Why a Debt-Ceiling Fight Is Good for the Country
Watch what he did, not what he says. President Barack Obama says he won’t agree to spending cuts in return for Republicans’ raising the debt ceiling. Yet he did exactly that in 2011. And he should do it again.
The debt ceiling ought to be raised because nobody has a plan to eliminate the deficit immediately, and there is no popular support for doing what that would take. A congressman who isn’t presenting and supporting a zero-deficit-now plan has an obligation to give the federal government the additional borrowing authority that continued deficits make necessary.
For liberals, that’s the end of the matter. The debt ceiling should be raised without any spending cuts attached, and ideally it should be raised to infinity. One common argument goes like this: Since Congress sets spending and tax levels, no good purpose is served by holding a separate vote making it possible for the government to follow Congress’s original instructions.
That argument would have more force if the federal budget were the result of a deliberate policy. Instead, more and more of our spending rises on autopilot because of decisions made long ago, and nobody is forced to take responsibility for the gap between revenue and commitments. Bills to raise the debt ceiling are the only occasions when congressmen and the president come close to doing so. They are thus appropriate moments to attack the trends that are driving our rising debt.
Raising the debt limit requires Republican cooperation, and there is no obvious reason why Republicans should refrain on principle from saying that they will go along so long as spending is cut. For Democrats to say that no conditions should be attached to the bill is to attach a condition.
There are, of course, risks to the economy from a protracted fight over what the conditions will be, and it would behoove the parties to come to terms quickly.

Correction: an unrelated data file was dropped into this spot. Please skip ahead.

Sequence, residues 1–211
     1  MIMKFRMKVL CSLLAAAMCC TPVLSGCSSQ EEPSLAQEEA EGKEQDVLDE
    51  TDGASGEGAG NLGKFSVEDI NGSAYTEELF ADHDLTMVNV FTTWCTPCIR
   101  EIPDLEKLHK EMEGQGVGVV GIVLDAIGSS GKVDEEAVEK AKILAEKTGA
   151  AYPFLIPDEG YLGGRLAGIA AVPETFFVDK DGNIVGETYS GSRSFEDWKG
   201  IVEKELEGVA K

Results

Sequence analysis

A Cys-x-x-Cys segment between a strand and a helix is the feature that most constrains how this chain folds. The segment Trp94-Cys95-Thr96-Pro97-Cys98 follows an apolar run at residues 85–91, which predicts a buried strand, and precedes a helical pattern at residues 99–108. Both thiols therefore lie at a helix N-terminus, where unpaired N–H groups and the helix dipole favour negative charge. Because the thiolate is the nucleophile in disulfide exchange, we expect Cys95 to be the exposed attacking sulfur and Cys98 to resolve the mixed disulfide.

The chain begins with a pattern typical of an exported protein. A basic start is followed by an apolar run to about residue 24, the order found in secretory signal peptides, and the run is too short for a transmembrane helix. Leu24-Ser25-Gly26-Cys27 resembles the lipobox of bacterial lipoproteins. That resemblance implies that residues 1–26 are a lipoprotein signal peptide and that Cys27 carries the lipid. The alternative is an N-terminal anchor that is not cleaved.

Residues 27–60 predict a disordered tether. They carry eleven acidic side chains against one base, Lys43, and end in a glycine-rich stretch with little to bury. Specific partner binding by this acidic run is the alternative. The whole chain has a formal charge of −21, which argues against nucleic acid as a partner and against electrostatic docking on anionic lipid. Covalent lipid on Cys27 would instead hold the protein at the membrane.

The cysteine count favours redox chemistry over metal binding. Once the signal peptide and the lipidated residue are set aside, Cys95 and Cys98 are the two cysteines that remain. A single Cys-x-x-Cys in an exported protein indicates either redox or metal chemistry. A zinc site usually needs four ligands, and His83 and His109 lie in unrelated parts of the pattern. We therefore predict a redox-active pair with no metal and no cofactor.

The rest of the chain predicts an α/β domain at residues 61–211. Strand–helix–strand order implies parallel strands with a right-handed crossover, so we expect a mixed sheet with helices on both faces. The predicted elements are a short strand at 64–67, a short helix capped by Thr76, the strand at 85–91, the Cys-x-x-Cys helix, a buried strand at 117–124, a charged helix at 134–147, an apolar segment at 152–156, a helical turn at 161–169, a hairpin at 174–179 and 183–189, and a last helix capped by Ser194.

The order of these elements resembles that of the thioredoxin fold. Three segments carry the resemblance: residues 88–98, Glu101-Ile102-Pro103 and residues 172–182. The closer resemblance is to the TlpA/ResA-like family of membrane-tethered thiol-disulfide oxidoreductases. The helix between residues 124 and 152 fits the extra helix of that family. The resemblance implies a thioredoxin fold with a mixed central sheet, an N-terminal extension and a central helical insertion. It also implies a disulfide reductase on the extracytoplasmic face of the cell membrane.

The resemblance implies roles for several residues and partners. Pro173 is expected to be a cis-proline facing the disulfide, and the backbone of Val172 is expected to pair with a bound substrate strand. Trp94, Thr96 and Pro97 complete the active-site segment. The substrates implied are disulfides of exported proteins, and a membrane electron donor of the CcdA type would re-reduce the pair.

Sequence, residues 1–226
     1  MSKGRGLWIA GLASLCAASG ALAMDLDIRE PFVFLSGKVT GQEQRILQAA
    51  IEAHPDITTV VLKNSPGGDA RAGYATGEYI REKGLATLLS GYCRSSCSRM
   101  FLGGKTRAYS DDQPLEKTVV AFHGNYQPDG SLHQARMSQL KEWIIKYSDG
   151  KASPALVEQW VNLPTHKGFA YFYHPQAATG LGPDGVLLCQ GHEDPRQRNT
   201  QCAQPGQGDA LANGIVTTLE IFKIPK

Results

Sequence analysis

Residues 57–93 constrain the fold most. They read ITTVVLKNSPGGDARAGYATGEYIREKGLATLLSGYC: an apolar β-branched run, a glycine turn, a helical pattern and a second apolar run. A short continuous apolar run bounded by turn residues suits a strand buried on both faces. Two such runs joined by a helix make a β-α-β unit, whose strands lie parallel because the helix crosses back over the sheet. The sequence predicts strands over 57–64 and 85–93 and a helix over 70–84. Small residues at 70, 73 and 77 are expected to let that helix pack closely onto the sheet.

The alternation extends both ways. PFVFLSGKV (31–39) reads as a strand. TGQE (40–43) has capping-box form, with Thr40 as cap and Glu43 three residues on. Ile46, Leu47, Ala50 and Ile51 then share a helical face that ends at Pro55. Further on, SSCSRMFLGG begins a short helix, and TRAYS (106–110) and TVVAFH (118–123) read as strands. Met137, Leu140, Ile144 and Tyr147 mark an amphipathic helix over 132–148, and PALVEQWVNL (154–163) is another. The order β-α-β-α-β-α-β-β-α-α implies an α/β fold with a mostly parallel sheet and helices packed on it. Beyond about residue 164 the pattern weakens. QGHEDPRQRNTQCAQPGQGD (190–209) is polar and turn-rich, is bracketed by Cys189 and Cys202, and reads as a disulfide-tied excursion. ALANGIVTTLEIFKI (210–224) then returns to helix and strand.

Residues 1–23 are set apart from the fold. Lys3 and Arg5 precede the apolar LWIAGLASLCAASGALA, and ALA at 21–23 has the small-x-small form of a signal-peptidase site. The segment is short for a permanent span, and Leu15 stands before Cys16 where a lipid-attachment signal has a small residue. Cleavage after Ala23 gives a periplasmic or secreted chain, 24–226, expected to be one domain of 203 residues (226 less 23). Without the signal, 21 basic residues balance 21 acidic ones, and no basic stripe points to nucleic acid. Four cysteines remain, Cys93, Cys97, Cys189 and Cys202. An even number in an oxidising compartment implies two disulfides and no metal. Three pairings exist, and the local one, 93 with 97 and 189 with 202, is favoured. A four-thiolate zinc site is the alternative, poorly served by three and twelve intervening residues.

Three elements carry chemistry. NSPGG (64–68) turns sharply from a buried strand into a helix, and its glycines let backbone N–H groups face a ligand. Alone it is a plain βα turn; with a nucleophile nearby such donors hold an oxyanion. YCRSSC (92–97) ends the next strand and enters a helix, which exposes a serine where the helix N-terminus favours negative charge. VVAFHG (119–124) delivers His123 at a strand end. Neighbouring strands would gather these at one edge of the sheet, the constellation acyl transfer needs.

Four steps would reduce those risks. First, Republicans should make the conditions reasonable, rather than, say, trying to use the leverage the debt-ceiling bill gives them to transform the welfare state. Second, Democrats should accede to reasonable requests rather than attacking them as though they amounted to terrorism.
Third, the Federal Reserve should pledge to hold nominal- income growth steady, since that would counteract any shock to consumer confidence. Fourth, and most important, all parties should pass a law stipulating that if the debt ceiling is breached the Treasury will still be allowed to make debt-service payments in full. Painful spending cuts would result, but not default.
A reasonable deal would involve spending cuts that are acceptable to both parties -- cuts, in other words, that Democrats can accept without violating their core convictions or their campaign promises.
Jerry Brown, the Democratic governor of California, is no conservative; he just prevailed in raising taxes in his state. But he also thinks that Medicaid spending per person ought to be capped, which could generate significant savings for the federal government. Tom Daschle, the former leader of the Senate Democrats and Obama’s first choice for secretary of Health and Human Services, also supports the idea.
John Cogan, an economist at Stanford University, argues that Medicare should raise its co-payments. The savings wouldn’t come from the higher fees that beneficiaries pay -- that money could be sent back to them in the form of lower premiums so that seniors are held harmless -- but in the reduced use of medical services. Higher co-pays, Cogan points out, haven’t been associated with worse health outcomes in studies.
Increasing the use of means testing in Medicare would also save money without undermining care for the neediest. The program should offer fewer benefits to those with the highest lifetime incomes.
Democrats insist that any future deficit reduction be “balanced,” with tax increases as well as spending cuts. They see last week’s fiscal-cliff deal, in which Republicans agreed to let some tax increases take effect, as a precedent. Around the world, though, most successful deficit-reduction efforts in the past three decades have been unbalanced, tilting toward spending cuts rather than tax increases.
Senator Pat Toomey, a Republican from Pennsylvania, voted for the fiscal-cliff deal but denies it’s a precedent for future tax increases. With taxes having just risen, he told me in an interview, Republicans aren’t going to accept any further increase. “Tax increases are off the table,” he said. Instead, significant spending cuts are necessary, he argued, and they need to begin immediately.
So raise the debt limit, sure. But start bringing the debt under control at the same time. That’s a sensible position, and one that Republicans should have no trouble defending to voters.
(Ramesh Ponnuru is a Bloomberg View columnist, a visiting fellow at the American Enterprise Institute and a senior editor at National Review. The opinions expressed are his own.)
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